Time is your friend; impulse is your enemy.— John C. Bogle
The most unexpected John C. Bogle quotes that are proven to give you inner joy
Investing is not nearly as difficult as it looks.
Successful investing involves doing a few things right and avoiding serious mistakes.
Don't look for the needle in the haystack. Just buy the haystack!
Index funds eliminate the risks of individual stocks, market sectors, and manager selection. Only stock market risk remains.
Learn every day, but especially from the experiences of others. It's cheaper!
The mutual fund industry has been built, in a sense, on witchcraft.
Rely on the ordinary virtues that intelligent, balanced human beings have relied on for centuries: common sense, thrift, realistic expectations, patience, and perseverance.
In the long run, investing is not about markets at all.
Investing is about enjoying the returns earned by businesses.
If you have trouble imagining a 20% loss in the stock market, you shouldn't be in stocks.
Speculation leads you the wrong way. It allows you to put your emotions first, whereas investment gets emotions out of the picture.
Surprise! The returns reported by mutual funds aren't actually earned by mutual fund investors.
Your success in investing will depend in part on your character and guts, and in part on your ability to realize at the height of ebullience and the depth of despair alike that this too shall pass.
We need a mutual fund industry with both vision and values;
a vision of fiduciary duty and shareholder service, and values rooted in the proven principles of long-term investing and of trusteeship that demands integrity in serving our clients.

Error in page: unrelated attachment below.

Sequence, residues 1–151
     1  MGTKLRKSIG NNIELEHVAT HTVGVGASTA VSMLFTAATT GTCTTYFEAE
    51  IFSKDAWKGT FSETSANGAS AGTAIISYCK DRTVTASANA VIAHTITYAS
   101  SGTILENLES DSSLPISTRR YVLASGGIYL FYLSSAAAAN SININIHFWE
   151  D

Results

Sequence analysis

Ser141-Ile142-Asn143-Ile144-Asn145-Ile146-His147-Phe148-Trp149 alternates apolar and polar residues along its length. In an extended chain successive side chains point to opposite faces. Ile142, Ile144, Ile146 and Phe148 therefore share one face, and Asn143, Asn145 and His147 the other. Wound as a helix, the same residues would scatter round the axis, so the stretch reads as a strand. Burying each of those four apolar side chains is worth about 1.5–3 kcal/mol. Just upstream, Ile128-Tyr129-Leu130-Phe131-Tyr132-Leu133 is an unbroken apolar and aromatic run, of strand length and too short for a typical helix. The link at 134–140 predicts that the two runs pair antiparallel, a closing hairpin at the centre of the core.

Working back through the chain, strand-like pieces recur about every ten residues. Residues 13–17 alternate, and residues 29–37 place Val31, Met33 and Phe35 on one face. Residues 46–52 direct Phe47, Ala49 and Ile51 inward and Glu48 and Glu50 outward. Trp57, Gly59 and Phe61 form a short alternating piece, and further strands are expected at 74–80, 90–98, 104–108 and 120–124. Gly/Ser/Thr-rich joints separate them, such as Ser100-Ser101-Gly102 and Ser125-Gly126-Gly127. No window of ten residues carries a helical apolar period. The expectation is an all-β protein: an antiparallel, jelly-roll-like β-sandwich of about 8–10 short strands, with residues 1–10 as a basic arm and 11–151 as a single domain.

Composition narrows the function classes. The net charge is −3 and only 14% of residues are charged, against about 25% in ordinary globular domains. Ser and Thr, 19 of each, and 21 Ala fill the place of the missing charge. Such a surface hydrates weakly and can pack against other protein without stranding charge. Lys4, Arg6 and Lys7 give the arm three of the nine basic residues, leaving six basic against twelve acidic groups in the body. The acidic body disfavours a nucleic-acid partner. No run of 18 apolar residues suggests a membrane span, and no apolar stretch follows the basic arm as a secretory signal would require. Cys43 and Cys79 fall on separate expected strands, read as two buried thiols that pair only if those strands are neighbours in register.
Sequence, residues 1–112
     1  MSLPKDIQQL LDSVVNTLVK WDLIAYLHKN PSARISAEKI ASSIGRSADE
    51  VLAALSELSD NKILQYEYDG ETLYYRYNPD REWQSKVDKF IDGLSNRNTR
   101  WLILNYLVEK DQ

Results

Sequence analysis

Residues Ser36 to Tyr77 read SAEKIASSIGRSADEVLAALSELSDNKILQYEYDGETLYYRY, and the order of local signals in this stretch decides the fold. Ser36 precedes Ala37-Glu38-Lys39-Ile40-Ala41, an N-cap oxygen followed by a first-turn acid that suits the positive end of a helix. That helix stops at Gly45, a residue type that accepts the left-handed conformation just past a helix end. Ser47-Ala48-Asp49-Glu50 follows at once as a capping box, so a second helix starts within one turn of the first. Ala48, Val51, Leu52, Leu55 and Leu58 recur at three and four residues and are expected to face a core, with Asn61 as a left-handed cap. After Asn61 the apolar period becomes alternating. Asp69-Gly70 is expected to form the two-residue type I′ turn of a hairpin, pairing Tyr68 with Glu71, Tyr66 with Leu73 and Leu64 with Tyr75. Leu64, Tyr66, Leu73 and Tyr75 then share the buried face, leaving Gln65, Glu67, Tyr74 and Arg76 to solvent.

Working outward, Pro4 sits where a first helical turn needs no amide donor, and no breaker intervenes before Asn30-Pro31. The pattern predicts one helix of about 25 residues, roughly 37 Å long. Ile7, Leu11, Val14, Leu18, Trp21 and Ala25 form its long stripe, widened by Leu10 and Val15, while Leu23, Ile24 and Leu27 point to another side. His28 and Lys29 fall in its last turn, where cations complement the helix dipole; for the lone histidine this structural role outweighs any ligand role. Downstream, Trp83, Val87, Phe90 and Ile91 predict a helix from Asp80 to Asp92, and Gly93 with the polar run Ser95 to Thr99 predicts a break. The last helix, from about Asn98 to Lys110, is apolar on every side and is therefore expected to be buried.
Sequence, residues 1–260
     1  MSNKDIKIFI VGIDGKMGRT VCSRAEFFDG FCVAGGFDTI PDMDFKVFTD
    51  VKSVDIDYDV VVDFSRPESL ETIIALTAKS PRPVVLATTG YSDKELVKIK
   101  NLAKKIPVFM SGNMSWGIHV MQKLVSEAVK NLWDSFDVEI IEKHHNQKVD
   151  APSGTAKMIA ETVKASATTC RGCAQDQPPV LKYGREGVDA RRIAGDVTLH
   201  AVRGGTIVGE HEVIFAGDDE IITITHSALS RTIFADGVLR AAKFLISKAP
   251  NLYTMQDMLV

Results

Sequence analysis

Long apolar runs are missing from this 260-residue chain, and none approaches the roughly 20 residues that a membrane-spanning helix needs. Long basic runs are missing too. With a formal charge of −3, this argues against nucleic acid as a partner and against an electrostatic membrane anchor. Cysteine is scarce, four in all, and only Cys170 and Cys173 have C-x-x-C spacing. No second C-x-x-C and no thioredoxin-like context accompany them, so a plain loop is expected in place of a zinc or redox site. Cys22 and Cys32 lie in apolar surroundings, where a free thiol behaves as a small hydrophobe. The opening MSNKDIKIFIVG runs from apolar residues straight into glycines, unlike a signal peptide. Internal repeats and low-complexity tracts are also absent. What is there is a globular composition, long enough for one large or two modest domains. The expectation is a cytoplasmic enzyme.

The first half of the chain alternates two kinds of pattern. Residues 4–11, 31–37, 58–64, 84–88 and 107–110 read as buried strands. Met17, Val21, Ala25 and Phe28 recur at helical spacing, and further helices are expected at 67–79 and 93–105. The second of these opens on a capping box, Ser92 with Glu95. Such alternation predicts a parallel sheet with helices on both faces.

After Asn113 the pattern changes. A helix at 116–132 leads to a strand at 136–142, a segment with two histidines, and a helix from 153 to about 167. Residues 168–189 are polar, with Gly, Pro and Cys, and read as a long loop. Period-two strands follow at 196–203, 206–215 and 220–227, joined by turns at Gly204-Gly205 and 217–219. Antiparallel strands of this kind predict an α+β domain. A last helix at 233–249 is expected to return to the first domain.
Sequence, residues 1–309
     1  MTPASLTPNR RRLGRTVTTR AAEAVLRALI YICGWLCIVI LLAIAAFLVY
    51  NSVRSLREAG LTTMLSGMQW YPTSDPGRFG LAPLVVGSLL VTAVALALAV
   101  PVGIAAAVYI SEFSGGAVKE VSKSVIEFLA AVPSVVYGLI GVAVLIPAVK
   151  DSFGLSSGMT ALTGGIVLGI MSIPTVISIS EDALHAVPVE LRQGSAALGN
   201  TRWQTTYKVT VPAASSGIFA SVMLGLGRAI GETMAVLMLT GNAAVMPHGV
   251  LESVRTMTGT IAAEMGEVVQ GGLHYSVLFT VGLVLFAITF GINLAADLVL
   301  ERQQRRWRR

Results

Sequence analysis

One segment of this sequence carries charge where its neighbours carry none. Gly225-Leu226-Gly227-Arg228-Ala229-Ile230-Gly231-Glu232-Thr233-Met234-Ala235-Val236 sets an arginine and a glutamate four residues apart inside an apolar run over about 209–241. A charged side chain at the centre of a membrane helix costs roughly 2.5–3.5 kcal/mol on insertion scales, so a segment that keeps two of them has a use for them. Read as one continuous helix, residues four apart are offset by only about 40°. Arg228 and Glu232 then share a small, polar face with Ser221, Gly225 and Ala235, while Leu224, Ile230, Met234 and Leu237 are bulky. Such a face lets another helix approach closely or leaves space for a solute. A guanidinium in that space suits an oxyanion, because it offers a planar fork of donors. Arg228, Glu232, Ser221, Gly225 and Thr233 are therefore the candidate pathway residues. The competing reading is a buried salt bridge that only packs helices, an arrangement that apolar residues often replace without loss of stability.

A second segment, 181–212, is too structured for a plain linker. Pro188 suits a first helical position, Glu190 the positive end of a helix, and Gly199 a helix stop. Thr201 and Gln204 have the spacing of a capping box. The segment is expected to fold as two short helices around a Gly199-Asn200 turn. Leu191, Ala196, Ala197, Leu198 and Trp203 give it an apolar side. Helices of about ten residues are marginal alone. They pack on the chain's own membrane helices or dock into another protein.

In Las Vegas we all know that it's the croupiers who win.
At the race track, it's those who control the handle who win. State lotteries, does anybody think the participants in the lottery win? No. The state wins.
The principal role of the mutual fund is to serve its investors.
Fund investors are confident that they can easily select superior fund managers. They are wrong.
Income earned by the sweat of your brow should be taxed at the lowest rates, not the highest. Capital gains should be taxed at a higher rate.
Successful investing is about owning businesses and reaping the huge rewards provided by the dividends and earnings growth of our nation's - and, for that matter, the world's - corporations.
The grim irony of investing, then, is that we investors as a group not only don't get what we pay for, we get precisely what we don't pay for. So if we pay for nothing, we get everything.
The multiple failings of our flawed financial sector are jeopardizing, not only the retirement security of our nation's savers but the economy in which our entire society participates.
The courage to press on regardless - regardless of whether we face calm seas or rough seas, and especially when the market storms howl around us - is the quintessential attribute of the successful investor.
On balance, the financial system subracts value from society